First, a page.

1Password (Password Manager) Review

There are a slew of password managers to choose from to keep your login credentials safe, and one of the most established is 1Password. It is a decent option, especially for Apple users, but it has its drawbacks: Syncing across devices isn't as smooth as it could be, 1Password's pricing scheme can be confusing and functionality varies widely among platforms.

The engineers who launched 1Password in 2006 gave 1Password all the essential features of a good password manager — browser plug-ins, automatic form filling and more. One major downside, at least for someone who prefers PC and Android devices, is that 1Password was originally created for Apple products, and versions for other platforms are even today still quite clunky.

Costs and What's Covered

There are two ways to get 1Password. You can download the software platform-by-platform, paying for a separate software license each time. Mac and Windows licenses were once $50 apiece, but as of March 2016, they've been combined into a $65 bundle. The license is good forever, but as with the Windows OS, you'll have to pay for any significantly new versions of the software.

The basic iOS and Android mobile apps are free, but very different. A $10 in-app purchase gets you the Pro upgrade for each platform, which includes Apple Watch support for iOS, but even the free iOS version does more than the paid Android one. If you use Windows, Mac, iOS and Android interchangeably, license costs can add up.

There's another downside to this a la carte approach. Befitting 1Password's relatively ancient origins, the software saves the password "vault" locally on each device, and it's up to you to make sure that the vault is synced among all your devices. You can use a USB stick, your home or office network, or a third-party file-syncing service like Dropbox or iCloud, but 1Password will not sync it for you.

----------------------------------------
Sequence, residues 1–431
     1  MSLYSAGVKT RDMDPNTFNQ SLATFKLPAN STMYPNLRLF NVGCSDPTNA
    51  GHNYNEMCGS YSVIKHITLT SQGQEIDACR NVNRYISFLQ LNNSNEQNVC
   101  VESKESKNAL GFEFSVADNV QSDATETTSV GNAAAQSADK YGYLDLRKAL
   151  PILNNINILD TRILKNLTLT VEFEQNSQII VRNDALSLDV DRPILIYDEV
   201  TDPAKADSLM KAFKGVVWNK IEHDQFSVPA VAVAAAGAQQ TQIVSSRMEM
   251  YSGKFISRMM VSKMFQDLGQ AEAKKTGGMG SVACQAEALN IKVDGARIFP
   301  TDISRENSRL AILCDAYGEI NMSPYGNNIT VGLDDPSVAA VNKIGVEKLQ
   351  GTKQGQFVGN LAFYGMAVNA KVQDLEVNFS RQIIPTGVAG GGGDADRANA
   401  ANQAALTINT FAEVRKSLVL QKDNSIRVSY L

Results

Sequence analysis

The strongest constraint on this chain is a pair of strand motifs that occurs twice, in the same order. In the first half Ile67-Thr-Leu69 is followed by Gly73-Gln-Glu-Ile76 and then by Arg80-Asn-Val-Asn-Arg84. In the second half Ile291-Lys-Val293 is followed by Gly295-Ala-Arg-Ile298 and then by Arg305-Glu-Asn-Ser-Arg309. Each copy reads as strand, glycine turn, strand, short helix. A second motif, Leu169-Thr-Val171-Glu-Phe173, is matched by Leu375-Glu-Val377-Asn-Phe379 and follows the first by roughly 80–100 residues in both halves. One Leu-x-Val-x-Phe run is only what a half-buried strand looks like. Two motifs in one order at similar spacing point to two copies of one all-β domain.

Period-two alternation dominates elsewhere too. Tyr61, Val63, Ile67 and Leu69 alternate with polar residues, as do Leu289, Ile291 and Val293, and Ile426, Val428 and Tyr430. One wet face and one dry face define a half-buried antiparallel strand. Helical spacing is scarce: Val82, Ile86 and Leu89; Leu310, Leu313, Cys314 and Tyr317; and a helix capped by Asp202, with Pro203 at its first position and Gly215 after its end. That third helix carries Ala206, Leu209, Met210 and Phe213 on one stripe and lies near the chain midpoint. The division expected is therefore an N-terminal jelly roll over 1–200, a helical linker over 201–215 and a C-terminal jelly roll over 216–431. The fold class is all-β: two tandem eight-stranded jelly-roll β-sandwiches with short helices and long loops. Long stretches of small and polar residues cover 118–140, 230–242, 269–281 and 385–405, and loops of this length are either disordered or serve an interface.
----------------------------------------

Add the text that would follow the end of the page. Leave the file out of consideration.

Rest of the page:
Syncing is not a problem with 1Password Families, the service's multiuser subscription plan ($5 per month, or $48 per year). With Families, up to five users get premium 1Password software for all their devices on all supported platforms, with free upgrades, plus accounts on 1Password.com. There's an "account key" — a long number — associated with the Families account to aid setup and verification, and best of all, 1Password handles vault syncing on its own servers.

MORE: Best Password Managers

However, neither of these approaches is a great cohesive option for a single person who doesn't use exclusively Apple devices — especially not when LastPass Premium covers all your devices for $12 per year, and True Key Premium for $20 per year.

Setup

Setting up 1Password was simple and straightforward. We installed the Chrome browser extension and tested the app on an iPad mini. Extensions exist for Google Chrome, Apple Safari, Mozilla Firefox and Microsoft Internet Explorer and can be obtained at Agilebits.

As with other password managers, you have to first create a secure master password before doing anything else. You will then be sent to a screen that will allow you to start inputting your information, including logins and credit cards.

1Password, unfortunately, does not play well with others. With the exception of LastPass, SplashID and RoboForm, you can't import previously saved passwords directly from web browsers or from other password managers. There are add-on scripts to facilitate imports from some programs, but in most cases, you'll have to export records to a .csv file, then import that file into 1Password.

1Password on the Desktop

Like most password managers, 1Password will capture any new logins you create. And, unlike some managers, it will also offer to capture existing credentials as you log into sites for which you already have accounts. You can refuse the offer, or opt to instead enter those credentials manually into 1Password.

You can also create custom fields to help 1Password recognize and fill out two-stage or otherwise complicated logins. Creating a record for a new account was simple — you just enter the site address, username and password, as well as any additional notes about the website.